This editor was invited to a screening of The Life of Pi by Golden Village Singapore. What was particularly unique about this experience was that it was only the second movie in Singapore to be shown in Atmos. The first being Ah Boys to Men. This revolutionary technology was promised to bring about untold benefits to movie-goers and we got to experience this technology firsthand! About Dolby Atmos from Dolby Laboratories on Vimeo. The video above was the exact same one demoed before the screening of the movie. It was phenomenal watching the movements of the animated helicopter and all that. But what really took my breath away was the Dolby Atmos demo at the very beginning, similar to the Dolby Digital or THX clip one sees at the start of most films in Cinemas, the Dolby Atmos demo truly demonstrates the power of Atmos, strobing across the theatre and making this editor turn his head during the demo. Atmos was really shown off during the trailer for the Hobbit, An Unexpected Journey however, with the choral scene given such vitality and booming significance that one seemed to be sat within a circle, of dwaven men and stout hearted warriors, singing their last song, before a grave battle.  (See 50s into the trailer) However when it came to the experience of the movie itself, things were a lot different. The honest truth is that Atmos did not feel fully utilised during this showing of Life of Pi. The sound field was not was impressive as during the demos or even the trailer of the Hobbit, and generally felt not particularly different from the traditional 5.1 or 7.1 surround sound set up found in other theatres. The sound stage was perceptibly wider, that much I can attest. Fidelity is stunning, but that is the case for almost any digitally projected movie in a modern cinema. Perhaps it should be said that this movie felt like an up-mix from a lower end soundtrack. Not that it took anything away from a thoroughly enjoyable movie, and the sense of immersion I felt during the movie was stellar if anything, so perhaps Atmos did succeed in being so thoroughly good that even this reviewer did not feel like it was an unwelcome intrusion nor an overly shiny toy that one needed to play with. All things considered, I would most definitely be looking specifically for Atmos showings for all my future movie showings. It does add some tangible benefits to the movie going experience. But if I missed out on it, I wouldn't be overly bummed out about it either. The Life of Pi is out in movie theatres 29th November 2012, and is being shown in Atmos at Vivocity's GVMax theatre. The Hobbit: An Unexpected Journey opens December 13th 2012.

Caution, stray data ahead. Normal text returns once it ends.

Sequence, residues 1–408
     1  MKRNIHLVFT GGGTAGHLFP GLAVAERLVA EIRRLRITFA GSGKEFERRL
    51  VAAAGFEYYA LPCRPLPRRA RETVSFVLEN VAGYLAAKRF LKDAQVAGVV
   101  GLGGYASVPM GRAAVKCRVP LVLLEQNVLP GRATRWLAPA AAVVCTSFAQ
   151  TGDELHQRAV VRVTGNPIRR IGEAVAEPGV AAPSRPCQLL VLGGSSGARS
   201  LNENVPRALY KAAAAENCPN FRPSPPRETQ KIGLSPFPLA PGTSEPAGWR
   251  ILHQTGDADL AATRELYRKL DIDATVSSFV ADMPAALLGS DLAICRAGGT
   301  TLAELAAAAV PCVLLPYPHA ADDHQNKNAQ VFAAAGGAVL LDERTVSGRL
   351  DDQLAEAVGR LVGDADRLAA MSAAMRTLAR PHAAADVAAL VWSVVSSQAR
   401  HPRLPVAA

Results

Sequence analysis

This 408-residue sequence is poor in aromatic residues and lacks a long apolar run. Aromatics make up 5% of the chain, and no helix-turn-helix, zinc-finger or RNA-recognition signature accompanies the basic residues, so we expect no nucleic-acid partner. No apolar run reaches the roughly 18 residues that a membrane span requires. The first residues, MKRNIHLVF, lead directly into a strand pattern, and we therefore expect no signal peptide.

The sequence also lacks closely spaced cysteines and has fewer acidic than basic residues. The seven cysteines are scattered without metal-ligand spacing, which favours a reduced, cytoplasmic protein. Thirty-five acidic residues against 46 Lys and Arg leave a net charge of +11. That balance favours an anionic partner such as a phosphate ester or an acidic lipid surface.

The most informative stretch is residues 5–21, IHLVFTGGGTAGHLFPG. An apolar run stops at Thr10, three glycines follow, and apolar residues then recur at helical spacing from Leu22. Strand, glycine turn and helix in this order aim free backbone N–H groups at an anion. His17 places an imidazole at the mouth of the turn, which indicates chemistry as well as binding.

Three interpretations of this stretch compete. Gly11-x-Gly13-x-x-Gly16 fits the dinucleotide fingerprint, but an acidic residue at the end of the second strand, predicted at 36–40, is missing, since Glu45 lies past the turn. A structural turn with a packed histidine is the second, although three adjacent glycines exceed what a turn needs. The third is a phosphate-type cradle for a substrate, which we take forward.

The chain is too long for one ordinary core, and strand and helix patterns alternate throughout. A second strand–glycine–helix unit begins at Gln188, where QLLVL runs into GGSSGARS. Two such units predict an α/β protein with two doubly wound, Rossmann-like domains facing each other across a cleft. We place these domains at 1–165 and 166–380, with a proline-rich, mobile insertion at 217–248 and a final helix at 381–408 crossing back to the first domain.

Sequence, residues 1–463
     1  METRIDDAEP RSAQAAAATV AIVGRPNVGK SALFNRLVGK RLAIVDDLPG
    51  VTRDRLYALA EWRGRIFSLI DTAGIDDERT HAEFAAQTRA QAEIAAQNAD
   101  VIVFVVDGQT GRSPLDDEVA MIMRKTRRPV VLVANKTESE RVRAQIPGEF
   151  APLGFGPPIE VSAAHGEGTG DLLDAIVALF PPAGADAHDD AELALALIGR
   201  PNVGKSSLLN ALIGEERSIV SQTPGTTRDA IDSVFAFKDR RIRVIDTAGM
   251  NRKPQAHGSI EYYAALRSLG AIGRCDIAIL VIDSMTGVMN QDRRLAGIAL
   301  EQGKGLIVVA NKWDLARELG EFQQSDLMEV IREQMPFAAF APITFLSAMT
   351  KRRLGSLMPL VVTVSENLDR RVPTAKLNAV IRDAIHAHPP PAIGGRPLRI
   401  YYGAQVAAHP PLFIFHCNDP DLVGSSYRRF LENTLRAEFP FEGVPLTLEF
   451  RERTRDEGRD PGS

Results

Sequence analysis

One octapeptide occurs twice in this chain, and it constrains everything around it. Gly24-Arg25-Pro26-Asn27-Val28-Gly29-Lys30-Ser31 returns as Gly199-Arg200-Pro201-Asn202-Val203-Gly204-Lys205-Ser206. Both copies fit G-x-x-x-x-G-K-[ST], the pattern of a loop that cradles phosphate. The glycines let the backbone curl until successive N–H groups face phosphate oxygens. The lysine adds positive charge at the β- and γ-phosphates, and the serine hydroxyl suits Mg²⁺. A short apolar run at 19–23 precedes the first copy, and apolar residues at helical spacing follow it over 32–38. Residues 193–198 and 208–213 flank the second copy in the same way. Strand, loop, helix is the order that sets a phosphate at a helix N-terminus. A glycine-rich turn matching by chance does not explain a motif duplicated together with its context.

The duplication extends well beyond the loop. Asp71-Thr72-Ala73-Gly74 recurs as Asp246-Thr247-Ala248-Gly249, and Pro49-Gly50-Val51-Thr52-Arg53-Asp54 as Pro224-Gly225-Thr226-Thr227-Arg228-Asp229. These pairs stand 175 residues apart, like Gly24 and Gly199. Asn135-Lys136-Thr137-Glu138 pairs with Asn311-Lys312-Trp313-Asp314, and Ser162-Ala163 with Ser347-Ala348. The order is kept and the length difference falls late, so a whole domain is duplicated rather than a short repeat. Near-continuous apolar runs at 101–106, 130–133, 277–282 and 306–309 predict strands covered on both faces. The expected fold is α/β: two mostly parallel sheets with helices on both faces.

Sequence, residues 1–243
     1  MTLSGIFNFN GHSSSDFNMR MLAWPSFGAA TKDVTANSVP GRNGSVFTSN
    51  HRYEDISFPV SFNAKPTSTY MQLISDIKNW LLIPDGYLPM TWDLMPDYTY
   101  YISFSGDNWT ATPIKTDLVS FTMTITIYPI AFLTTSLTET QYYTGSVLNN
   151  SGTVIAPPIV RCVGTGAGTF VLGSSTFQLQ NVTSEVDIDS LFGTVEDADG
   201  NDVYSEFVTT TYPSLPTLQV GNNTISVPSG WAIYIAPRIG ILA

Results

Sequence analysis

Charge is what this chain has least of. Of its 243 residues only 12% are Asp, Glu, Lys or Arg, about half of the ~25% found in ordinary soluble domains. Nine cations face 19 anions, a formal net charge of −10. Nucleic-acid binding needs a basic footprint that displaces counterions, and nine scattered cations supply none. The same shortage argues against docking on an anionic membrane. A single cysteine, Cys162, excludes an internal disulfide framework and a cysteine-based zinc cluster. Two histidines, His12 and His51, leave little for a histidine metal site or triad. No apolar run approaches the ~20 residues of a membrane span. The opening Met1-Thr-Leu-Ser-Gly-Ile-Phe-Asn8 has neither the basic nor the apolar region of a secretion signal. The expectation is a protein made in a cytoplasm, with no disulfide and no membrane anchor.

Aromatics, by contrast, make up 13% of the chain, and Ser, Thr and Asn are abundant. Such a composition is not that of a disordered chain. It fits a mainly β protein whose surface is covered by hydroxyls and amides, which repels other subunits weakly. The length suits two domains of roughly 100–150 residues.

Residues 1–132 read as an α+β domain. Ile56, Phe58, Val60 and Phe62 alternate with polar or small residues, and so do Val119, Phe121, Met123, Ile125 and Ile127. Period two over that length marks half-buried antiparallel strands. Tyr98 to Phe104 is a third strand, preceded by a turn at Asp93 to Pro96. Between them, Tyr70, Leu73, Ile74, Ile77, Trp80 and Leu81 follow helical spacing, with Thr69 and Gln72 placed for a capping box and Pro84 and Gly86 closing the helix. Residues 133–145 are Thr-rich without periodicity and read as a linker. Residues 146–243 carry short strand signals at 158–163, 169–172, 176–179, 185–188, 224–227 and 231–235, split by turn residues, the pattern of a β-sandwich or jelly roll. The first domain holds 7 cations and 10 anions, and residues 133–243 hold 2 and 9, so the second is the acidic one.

A center to research extinction level risks to humankind? How about the lack of a proper Windows 8 start menu? or how about the Nexus 4 lacking 4G! In this editor's opinion, the lack of Gangnam Style in Dance Central 3 is the real threat and thank goodness it has been remedied. Background Music for 65Bits is courtesy of spinningmerkaba. Stories this week:
  1. Centre against Evil Tech
  2. Hidden Windows 8 Start Button?
  3. LTE Nexus 4?
  4. Melting Animals
  5. Creepy Mannequins
  6. Gangnam Style
  7. Apple v Harley-Davidson
  8. Belkin Lightning Car Charger (Check out the Belkin ASEAN Facebook page)
  9. 007 job posting
Tons of new announcements these few days. We of course talk about the products from Apple, but also a really cool new Chromebook from Google and Windows 8 Launch worldwide which happened yesterday. Check out your weeks hottest tech news on 65Bits. Background Music for 65Bits is courtesy of spinningmerkaba.
  1. Google launches 11.6-inch ARM-based Samsung Chromebook
  2. Apple’s iPad Mini Event
  3. Windows 8 Launches